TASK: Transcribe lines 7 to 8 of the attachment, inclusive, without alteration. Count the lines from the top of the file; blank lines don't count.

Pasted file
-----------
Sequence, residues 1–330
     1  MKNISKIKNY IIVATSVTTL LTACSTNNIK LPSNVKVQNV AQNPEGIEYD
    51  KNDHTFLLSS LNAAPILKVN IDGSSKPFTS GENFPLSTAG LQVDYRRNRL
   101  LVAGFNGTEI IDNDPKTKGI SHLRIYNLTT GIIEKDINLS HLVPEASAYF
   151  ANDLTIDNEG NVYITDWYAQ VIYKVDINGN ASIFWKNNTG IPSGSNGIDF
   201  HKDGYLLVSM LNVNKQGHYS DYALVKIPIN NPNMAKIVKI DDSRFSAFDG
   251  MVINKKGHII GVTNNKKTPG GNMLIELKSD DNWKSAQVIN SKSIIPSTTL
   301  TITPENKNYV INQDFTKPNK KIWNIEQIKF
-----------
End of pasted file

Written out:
   251  MVINKKGHII GVTNNKKTPG GNMLIELKSD DNWKSAQVIN SKSIIPSTTL
   301  TITPENKNYV INQDFTKPNK KIWNIEQIKF